(if your line is sleeved) to the appropriate point equal to
the shorter line and then loop and re-tie the knot and cut
off the leftover line. Remember to leave enough extra length
in your loop to make up the length of line used by the knot
(approximately 1/2" of length is used in the knot depending
on the line thickness).
Different lengths of line will change the performance of
your kite. Longer lines generally have more stretch and drag
than shorter lines. Longer kite lines can slow down the
response of your kite, making turns respond slower and take
up more area to complete. Kite speed will appear to be
slower on longer lines. This is caused by your kite
travelling in a longer arc through the power window. For
example: Take a 12" string and tie it around a cork and then
spin it around above your head, the cork will spin at a very
fast speed. Now take a 5 foot long string and tie it around
the cork and do the same. The cork will actually cover more
distance, but will appear to be travelling at a slower speed
than on the shorter string. The arc on the longer string
(where the cork is located) is greater than the arc created
by the shorter sting.
Power kite fliers will usually use longer lines than stunt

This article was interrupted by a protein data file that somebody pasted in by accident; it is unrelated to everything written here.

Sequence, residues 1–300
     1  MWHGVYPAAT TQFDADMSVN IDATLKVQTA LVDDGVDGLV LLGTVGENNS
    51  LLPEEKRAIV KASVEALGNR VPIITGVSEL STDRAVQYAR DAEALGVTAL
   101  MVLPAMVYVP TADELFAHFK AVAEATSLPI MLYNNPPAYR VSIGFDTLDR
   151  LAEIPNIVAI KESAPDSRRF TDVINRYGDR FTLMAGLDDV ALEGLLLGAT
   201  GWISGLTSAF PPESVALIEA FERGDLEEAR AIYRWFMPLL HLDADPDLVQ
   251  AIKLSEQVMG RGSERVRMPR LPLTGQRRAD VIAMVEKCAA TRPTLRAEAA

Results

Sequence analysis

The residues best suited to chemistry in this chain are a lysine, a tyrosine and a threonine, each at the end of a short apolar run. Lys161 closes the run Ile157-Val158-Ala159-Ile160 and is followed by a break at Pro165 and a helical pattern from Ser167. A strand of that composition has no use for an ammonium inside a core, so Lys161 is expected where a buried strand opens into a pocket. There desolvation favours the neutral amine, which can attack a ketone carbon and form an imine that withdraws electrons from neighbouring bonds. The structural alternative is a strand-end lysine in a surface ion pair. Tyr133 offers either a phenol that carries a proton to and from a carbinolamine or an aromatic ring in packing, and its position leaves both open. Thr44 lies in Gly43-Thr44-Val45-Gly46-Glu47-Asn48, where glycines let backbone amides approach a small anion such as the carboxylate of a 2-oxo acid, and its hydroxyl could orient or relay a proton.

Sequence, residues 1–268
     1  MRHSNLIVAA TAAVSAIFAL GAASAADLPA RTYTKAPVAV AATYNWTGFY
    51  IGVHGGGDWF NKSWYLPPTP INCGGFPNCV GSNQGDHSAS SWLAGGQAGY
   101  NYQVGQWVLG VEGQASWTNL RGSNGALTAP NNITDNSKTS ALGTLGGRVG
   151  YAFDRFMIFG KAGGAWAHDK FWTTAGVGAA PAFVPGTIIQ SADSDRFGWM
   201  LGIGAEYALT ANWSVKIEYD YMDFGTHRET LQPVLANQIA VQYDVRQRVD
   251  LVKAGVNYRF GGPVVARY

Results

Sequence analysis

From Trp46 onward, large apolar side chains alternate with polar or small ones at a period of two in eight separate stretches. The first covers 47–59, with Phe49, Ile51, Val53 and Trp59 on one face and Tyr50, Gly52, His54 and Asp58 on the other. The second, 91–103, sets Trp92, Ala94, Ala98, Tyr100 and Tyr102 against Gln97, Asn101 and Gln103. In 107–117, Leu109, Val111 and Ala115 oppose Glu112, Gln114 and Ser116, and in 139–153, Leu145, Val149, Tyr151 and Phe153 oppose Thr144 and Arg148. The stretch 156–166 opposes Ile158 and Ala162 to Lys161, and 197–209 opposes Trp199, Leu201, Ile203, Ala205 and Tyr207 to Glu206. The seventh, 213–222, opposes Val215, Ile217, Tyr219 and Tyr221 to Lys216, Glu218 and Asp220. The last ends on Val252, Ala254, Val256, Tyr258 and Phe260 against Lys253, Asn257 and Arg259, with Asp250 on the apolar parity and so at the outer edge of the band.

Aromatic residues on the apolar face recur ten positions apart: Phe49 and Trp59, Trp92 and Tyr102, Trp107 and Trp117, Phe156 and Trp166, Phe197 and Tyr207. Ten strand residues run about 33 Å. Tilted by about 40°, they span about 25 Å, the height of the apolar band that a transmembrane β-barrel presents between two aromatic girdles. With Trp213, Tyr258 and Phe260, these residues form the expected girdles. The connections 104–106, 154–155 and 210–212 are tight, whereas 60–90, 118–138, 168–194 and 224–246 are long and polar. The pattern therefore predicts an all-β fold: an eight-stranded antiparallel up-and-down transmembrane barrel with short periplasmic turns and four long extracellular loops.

kite fliers. The longer the lines are on a kite, the longer
the arc is and the larger the power window is, creating more
useable power for the kite (see the diagrams on the right).
Power kite fliers will usually use a line length of 75' to
150', depending on the wind conditions. In
stronger winds, shorter lines will allow you to get your
kite out of the power faster and help you maintain control
of a larger kite. In mild wind, longer lines will let you
keep your kite in the wind window longer, creating more
power for smaller kites. In some cases you may not need to
purchase a different size kite to be able to fly, just a
different length line set.
Stunt kite fliers will usually use shorter lines. Shorter
lines can improve the performance of your kite. Turns will
be quicker and take much less room to complete. Speeds will
be faster and responses to your controls will be more
accurate and precise. Line drag and line stretch will be
minimal. Stunt kite fliers will usually use line lengths of
50' to 100' in length. If you are new to this sport, I would
recommend a line set of 100' for a stunt kite and not less
than 100' for a power kite, as you become more familiar with
your kite you can purchase other line sets of different